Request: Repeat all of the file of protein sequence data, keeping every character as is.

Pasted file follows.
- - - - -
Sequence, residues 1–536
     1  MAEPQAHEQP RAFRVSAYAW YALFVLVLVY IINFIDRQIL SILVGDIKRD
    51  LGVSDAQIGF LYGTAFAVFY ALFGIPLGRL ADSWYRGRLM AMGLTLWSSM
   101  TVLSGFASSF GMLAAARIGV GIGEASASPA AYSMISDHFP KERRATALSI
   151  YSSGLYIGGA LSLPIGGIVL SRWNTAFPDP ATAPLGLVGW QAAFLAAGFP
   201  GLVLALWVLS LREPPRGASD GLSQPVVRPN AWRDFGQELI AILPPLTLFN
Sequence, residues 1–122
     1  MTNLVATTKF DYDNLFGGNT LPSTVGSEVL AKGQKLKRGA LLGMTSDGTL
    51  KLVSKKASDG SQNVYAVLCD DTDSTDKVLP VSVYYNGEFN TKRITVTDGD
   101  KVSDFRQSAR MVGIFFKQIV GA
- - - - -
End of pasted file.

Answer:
Sequence, residues 1–536
     1  MAEPQAHEQP RAFRVSAYAW YALFVLVLVY IINFIDRQIL SILVGDIKRD
    51  LGVSDAQIGF LYGTAFAVFY ALFGIPLGRL ADSWYRGRLM AMGLTLWSSM
   101  TVLSGFASSF GMLAAARIGV GIGEASASPA AYSMISDHFP KERRATALSI
   151  YSSGLYIGGA LSLPIGGIVL SRWNTAFPDP ATAPLGLVGW QAAFLAAGFP
   201  GLVLALWVLS LREPPRGASD GLSQPVVRPN AWRDFGQELI AILPPLTLFN
Sequence, residues 1–122
     1  MTNLVATTKF DYDNLFGGNT LPSTVGSEVL AKGQKLKRGA LLGMTSDGTL
    51  KLVSKKASDG SQNVYAVLCD DTDSTDKVLP VSVYYNGEFN TKRITVTDGD
   101  KVSDFRQSAR MVGIFFKQIV GA